Philosophical discussion: a sad thought from a happy person

My daughter Anna (just turned 15) really hurt her big toe last week the nail was half ripped off and it took a day or so before the pain died down.  I was talking to her and said that althought it sounded pretty pathetic coming from me who was not feeling any pain, she should try to think of the pain as an arbitrary thing – as a mere signal to her brain, rather than ‘real pain’.  Perhaps that would help a little. She said that she already did this and that she found it helped in these situations, at least a little bit.

Then son Alex (turned 11 yesterday) chimed in.  “I think that kind of thing too.  But I think about it when I’m happy. [Alex is often happy and when recently asked to describe himself in one word used the word ‘happy’]. And when I’m happy I think to myself, that this is just a signal that my brain is giving out.  And that makes me sad, because it means that maybe I’m not really happy.”

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steve from brisbane
steve from brisbane
12 years ago

I’m disappointed this has not yet attracted any discussion. Must be all the Ruddster stimulus distracting everyone.

I think that your son’s comments reflect what has happened since a lot of modern folk have stopped believing in the old Cartesian “ghost in the machine”. Too much of an awareness or belief that your mental state is simply a derivative of the fleeting alignment of molecules in your brain can lead to existential doubt as to the value of your own consciousness. It is, to my mind, de-humanising.

But on the other hand, it can help in some situations, such as your daughter’s. But also, for those suffering some forms of mental illness, being aware that you’re the victim of a series of neurochemical events beyond your control is surely better than believing that (eg) you are being controlled by secret radio waves being beamed into your head. (Or, if you are depressed, from blaming yourself somehow for your depression.)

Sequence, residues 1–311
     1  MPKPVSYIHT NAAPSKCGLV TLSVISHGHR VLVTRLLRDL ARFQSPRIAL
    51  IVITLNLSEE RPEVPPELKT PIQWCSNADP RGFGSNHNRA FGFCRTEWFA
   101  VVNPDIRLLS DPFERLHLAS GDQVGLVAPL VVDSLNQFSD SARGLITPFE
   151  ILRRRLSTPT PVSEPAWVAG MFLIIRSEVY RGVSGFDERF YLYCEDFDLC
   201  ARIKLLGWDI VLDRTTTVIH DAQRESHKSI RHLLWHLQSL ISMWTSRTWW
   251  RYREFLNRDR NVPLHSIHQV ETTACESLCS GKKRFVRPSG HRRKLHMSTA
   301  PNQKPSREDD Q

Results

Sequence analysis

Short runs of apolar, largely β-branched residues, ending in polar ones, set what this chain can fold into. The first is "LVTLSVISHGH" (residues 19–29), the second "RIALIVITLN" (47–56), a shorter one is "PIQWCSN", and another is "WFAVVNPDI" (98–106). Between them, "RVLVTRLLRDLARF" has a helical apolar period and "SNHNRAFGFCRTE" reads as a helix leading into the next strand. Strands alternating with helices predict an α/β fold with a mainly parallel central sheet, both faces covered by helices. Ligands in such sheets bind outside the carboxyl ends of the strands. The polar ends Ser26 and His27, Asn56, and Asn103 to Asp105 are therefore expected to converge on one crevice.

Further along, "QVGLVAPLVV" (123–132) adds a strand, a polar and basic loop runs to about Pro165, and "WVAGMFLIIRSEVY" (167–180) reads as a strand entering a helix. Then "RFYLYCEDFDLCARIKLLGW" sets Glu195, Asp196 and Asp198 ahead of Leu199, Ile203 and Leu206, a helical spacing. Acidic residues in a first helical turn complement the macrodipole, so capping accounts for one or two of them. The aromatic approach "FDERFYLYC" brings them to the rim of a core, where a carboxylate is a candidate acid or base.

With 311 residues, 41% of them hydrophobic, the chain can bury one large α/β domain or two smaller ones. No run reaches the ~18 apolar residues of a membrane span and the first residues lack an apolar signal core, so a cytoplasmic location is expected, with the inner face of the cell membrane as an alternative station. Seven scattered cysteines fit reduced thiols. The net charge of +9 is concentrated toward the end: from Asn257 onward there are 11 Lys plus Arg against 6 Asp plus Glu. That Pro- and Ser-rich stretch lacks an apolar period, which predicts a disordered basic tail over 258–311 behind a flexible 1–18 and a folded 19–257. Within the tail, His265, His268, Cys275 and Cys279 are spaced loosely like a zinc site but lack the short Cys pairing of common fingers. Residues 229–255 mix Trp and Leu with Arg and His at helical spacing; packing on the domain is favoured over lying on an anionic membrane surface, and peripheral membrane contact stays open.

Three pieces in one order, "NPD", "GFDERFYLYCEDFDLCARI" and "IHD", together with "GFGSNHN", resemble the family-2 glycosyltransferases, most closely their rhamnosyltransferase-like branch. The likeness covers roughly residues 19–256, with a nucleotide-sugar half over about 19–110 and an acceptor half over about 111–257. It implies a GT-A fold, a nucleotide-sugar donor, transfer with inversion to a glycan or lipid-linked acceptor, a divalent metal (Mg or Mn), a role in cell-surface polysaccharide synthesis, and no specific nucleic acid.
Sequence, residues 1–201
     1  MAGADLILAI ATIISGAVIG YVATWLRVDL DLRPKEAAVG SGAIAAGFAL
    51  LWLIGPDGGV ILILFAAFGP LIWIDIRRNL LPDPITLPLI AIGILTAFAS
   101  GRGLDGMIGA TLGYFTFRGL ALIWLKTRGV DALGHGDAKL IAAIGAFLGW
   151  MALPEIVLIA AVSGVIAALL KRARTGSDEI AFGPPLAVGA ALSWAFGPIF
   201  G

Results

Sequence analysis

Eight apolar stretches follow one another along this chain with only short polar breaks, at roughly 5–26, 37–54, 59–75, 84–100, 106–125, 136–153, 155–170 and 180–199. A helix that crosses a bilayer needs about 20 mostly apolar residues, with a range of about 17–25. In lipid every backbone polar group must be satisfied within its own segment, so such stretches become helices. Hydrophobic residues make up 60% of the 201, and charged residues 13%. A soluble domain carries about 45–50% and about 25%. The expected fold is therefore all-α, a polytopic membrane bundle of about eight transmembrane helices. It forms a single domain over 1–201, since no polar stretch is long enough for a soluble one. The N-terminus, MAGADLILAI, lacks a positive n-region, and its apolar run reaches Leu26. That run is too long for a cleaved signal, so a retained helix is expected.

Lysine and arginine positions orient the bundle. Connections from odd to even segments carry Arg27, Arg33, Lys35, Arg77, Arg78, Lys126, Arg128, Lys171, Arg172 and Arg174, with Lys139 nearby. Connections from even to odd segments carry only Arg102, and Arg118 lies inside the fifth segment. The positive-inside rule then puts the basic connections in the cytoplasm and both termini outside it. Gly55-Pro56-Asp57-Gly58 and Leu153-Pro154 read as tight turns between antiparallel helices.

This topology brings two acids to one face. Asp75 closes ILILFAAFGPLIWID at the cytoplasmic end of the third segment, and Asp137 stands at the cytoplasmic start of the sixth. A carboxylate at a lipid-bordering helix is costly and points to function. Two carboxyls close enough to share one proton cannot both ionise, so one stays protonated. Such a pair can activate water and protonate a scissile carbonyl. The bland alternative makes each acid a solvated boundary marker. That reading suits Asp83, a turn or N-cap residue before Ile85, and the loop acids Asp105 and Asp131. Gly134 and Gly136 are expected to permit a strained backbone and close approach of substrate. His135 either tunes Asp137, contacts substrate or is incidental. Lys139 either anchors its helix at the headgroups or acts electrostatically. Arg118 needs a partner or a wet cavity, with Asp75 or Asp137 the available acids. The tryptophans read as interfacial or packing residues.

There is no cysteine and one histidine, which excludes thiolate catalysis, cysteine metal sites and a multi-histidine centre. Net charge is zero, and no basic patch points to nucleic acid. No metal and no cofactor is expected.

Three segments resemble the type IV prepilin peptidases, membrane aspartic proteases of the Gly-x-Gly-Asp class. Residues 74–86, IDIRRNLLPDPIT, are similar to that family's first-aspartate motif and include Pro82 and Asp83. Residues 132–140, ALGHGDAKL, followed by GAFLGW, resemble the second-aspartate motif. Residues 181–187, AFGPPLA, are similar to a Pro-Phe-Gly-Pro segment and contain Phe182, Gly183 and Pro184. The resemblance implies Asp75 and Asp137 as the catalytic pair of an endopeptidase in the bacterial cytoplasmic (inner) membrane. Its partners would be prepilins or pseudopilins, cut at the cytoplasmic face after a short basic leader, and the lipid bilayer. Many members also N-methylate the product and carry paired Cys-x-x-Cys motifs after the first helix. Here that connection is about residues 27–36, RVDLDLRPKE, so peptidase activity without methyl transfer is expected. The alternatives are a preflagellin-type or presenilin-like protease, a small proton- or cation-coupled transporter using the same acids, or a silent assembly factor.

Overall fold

Still, I guess you can believe that the sensible “real” you is just being overcome by the illness, which is what those of us who still ascribe to some kind of dualism still believe.

vanaalst.robert
vanaalst.robert(@vanaalst-robert)
12 years ago

I agree with Steve on this.

Just thinking of pain, happiness etc. as things going on in your brain misses a lot of rather interesting things to do with these which more than likely will not be explained well at the neural level for a long long time to come. A well known example is phantom-limb syndrome, where people experience pain from limbs that don’t exist. Acupuncture and hypnosis, where the experience of pain can be massively moderated in some people are two other good examples. What these things suggest is that there is not necessarily a particularly direct connection between pain and our conscious experience of it. Thus, treating pain like “a mere signal to her brain” is like treating any other thought you have as a mere signal to the brain (of course, everything ends up there in the end). Simply because pain appears direct and, say, posturing about dualism or Rudds bail-out package doesn’t, doesn’t mean that that both arn’t rather complicated in terms of actually how they relate to the human experience of them.

Niall
Niall
12 years ago

you want to keep a close eye on that kid. He’s a thinker.